Back in 1972, the folks in London showed me how to use a file. I had already watched them use theirs for months. There’s a huge gap between the watching, the showing, and the learning. Nothing is rushed. Filing is a deliberate action using sharp tools, experience and muscle memory, and a vision of what you want when the task is complete, and then showing the whole lot who’s boss.
One piece of my puzzle, my first Hurlow frame, cost me a whopping £60.60 GBP. After it arrived, I’d order two more before I’d ride a bicycle with my own name on it. Bill Hurlow had a profound influence on me. The man’s work was, of course, beyond elegant. But the act of the commission, and those dozen or so letters we exchanged to make it happened, are what put the needle in my arm. Ultimately, I wanted to channel that experience and roll it into my routine.
It was a classmate of mine from Yeshiva, Henry Krol, who’d be the link between me and the framebuilder from Herne Bay. Henry knew I loved my Frejus Tour de France and encouraged me to contact Mr. Hurlow. The Frejus was the bicycle I bought at Tommy Avenia’s to replace my first ten speed bicycle, an Atala Gran Prix. All of this took place prior to my flight for London to spend a year with the Witcomb family.
There were many serendipitous paths taken before I landed in the trade. It was the stew of them that delivered me to a workbench years later. And even then, I was simultaneously ready for the task as well as bewildered, wondering how this all happened and where it would all go. Sometimes, playing pretend can make things real. I never had a business model. But I had a role model, and got very good at channeling. It’s a skill I’ve used many times since.
I see you had to pay for the chrome!
Aside from trivia, why Bill Hurlow had such a great influence on you? I guess, mainly due to the better/more precise manufacturing?
I’m calling time out. I’ve been opening up drawers, scanning artifacts, and writing about pieces of my puzzle every day for the last several months. If you missed any or want to see them again, they’re stored on my site. Click here to read about the world according to me.
The reflective words and sepia-tone photographs will come again someday. For now, I’m clawing my way back to the present. I’ll still add content. I may even shift focus and post images of Buddy the Maltese Milkball, or what I had for lunch. Or do a montage (that’s French for Age Mountain) showing folks wearing RS socks. Look out Bill Cunningham. Maybe I’ll keep you informed as I reach race weight over the next few weeks. My Withings scale reads 144 today and I have a pair of 30” Tellason Denim jeans begging for another intimate moment with me.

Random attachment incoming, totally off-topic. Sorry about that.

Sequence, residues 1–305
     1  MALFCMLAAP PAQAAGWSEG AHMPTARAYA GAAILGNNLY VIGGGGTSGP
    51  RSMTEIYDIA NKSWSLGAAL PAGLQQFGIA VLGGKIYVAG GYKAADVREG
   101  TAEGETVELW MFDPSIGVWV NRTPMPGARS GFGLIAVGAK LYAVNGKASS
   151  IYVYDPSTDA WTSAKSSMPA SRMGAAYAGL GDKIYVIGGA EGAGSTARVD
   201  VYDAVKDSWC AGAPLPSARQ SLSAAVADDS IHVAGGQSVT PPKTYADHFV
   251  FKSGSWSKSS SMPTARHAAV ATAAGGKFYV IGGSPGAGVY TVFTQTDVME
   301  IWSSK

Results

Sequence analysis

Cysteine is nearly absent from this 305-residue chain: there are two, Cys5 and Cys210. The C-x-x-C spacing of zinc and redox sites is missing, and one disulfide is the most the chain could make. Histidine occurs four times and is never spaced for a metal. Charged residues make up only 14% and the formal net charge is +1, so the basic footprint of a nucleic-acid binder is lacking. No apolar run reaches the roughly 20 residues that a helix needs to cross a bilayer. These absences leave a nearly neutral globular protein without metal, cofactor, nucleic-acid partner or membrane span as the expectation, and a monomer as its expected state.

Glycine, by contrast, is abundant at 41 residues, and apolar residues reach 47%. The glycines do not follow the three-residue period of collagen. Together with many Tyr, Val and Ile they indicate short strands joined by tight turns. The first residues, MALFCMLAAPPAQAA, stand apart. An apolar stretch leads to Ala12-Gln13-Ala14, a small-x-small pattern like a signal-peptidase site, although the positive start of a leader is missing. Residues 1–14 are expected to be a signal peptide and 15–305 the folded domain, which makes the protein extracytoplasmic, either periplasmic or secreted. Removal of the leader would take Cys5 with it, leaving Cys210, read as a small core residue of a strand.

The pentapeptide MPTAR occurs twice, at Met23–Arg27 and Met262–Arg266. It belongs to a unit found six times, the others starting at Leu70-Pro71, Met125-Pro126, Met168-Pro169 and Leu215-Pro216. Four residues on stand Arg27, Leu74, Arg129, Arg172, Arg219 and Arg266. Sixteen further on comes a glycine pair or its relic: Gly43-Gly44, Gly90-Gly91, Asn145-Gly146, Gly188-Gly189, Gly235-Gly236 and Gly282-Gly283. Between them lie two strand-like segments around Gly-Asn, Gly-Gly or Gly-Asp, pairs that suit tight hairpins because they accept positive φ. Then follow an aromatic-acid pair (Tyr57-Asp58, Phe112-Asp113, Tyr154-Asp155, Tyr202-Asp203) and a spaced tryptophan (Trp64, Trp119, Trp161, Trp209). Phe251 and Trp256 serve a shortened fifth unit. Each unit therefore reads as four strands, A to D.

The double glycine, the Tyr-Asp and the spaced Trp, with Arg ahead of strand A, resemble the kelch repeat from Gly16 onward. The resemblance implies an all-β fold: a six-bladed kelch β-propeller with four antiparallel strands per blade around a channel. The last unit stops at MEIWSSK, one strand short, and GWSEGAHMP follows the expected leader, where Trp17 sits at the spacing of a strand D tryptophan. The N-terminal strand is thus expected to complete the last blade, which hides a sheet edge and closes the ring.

The cyclocross season begins soon. Once it does, I’ll be shameless in letting people know every detail of every RSCX Team rider each day every weekend until the Natz are over in January. Deal with it. For now, consider my typewriter ribbon dry and in need of replacement, or that my supreme level of self-absorption has left the building. I’m sure it will return soon. In the meanwhile, I’ll deal with it.
This image shows a sill near the bench of a studio I rented for most of the 1980s. For the last several months I’ve stood at my own window daily and looked in. I’m going back to looking out again. I hope to see you.
Thanks for reading atmo.
mmmm, I need Alitta's phone...
Aimar Fraga Angoitia
I saw this on my Facebook feed. Funny - I began using Samson cast parts in 1982 and probably made 800 frames with them before I transitioned into OS dimensions by the mid 1990s. Now, Mr. Harada is using my cast parts on his frames. It's a nice feeling. His post had the words "SAMSON- illusion/atmo" accompanying this image of one of his latest builds. Click picture to enlarge. Life is good.
Sloping TT with RS lugs? I didn't knew that.